Jun 2, 2020

A Dual Reward-Place Association Task to Study the Preferential Retention of Relevant Memories in Rats

Frontiers in Behavioral Neuroscience
Frederic MichonFabian Kloosterman

Abstract

Memories of past events and common knowledge are critical to flexibly adjust one's future behavior based on prior experiences. The formation and the transformation of these memories into a long-lasting form are supported by a dialogue between populations of neurons in the cortex and the hippocampus. Not all experiences are remembered equally well or equally long. It has been demonstrated experimentally in humans that memory strength positively relates to the behavioral relevance of the associated experience. Behavioral paradigms that test the selective retention of memory in rodents would enable further investigation of the neuronal mechanisms at play. We developed a novel paradigm to follow the repeated acquisition and retrieval of two contextually distinct, yet concurrently learned, food-place associations in rats. We demonstrated the use of this paradigm by varying the amount of reward associated with the two locations. After delays of 2 h or 20 h, rats showed better memory performance for experience associated with large amount of reward. This effect depends on the level of spatial integration required to retrieve the associated location. Thus, this paradigm is suited to study the preferential retention of relevant experien...Continue Reading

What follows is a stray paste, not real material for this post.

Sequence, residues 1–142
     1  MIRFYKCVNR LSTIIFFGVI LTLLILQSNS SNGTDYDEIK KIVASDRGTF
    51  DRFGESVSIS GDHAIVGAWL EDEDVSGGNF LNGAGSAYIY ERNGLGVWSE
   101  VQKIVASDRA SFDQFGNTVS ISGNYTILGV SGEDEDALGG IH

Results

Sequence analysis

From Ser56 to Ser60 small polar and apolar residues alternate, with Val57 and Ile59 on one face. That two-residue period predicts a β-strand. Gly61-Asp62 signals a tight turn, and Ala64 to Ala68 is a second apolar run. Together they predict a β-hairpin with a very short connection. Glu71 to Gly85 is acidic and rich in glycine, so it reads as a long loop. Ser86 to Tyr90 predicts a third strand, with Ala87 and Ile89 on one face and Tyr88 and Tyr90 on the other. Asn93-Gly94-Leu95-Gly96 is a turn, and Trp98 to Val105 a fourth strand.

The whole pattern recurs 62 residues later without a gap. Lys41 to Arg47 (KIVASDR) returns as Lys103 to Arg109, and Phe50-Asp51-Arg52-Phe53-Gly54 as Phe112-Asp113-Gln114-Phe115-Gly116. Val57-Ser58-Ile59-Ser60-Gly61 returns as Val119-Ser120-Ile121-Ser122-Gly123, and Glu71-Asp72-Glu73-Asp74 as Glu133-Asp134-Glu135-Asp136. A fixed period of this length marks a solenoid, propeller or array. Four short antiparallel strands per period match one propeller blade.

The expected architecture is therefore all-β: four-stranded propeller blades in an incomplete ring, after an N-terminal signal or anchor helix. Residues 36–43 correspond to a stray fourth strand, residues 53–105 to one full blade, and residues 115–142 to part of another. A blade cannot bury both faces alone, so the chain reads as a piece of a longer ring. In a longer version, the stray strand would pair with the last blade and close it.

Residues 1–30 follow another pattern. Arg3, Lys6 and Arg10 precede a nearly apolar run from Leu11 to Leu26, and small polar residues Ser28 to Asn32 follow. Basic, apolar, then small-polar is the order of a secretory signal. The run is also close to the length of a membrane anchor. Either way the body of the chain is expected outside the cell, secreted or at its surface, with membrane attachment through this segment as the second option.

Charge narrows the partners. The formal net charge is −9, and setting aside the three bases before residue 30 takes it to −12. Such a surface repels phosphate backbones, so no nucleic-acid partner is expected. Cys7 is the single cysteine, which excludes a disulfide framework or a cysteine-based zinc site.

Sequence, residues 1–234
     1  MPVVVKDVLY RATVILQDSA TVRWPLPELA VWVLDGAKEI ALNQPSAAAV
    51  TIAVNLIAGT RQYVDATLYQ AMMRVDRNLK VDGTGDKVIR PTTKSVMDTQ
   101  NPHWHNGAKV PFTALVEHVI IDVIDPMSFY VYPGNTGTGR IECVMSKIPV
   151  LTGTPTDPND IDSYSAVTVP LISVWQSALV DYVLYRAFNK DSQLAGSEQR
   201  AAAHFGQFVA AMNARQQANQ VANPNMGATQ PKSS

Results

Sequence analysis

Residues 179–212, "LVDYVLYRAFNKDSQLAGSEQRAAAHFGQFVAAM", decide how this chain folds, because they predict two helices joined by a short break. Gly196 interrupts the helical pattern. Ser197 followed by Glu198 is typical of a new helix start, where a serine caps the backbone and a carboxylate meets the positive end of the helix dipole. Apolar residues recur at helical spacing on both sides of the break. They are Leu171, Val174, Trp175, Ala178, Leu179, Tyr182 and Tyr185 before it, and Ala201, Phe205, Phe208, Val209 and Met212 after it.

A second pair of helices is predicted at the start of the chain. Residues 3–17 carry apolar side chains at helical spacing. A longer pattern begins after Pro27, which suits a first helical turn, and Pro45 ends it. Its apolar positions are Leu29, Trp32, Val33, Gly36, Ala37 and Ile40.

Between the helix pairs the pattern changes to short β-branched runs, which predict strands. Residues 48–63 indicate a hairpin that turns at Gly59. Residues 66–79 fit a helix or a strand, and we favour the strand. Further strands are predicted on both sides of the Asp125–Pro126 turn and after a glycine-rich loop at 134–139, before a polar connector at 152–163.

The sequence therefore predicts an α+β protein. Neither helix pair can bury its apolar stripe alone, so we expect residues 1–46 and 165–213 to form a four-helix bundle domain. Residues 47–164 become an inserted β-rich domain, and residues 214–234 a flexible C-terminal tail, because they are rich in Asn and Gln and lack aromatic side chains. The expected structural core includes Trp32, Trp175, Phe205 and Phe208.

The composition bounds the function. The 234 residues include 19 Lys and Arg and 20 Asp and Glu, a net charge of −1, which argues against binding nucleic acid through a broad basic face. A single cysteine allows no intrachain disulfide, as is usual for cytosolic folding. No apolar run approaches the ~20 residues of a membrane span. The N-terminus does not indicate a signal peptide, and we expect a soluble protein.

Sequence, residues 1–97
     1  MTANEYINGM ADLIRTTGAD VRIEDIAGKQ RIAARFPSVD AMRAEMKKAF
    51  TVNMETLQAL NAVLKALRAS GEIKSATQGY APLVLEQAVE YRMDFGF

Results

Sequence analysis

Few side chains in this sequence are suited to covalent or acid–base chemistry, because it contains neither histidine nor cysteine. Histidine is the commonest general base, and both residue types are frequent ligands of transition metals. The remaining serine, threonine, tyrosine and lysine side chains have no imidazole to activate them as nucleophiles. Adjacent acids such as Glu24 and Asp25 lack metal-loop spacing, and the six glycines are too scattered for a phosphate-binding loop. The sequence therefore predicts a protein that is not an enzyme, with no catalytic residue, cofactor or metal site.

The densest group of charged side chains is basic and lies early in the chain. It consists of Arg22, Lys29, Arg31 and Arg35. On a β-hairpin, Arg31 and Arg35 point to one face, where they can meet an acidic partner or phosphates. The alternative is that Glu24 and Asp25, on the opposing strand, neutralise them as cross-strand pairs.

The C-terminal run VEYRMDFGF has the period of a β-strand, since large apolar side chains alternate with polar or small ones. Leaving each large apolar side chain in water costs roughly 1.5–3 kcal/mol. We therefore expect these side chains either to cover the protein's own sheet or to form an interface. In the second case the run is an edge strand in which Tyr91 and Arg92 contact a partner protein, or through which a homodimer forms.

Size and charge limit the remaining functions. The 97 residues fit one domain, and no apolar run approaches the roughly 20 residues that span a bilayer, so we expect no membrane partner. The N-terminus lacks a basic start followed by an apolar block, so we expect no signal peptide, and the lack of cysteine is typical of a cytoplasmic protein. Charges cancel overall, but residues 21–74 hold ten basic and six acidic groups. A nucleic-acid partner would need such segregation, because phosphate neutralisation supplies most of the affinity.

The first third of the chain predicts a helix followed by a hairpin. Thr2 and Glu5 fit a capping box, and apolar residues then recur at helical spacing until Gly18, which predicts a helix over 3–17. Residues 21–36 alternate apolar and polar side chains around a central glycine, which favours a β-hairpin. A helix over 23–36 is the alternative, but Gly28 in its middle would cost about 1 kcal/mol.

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Mentioned in this Paper

Study
Cerebral Cortex
Learning
Rodent
Neurons
Food
Rewards
Transformation, Genetic
Hippocampus (Brain)
Memory

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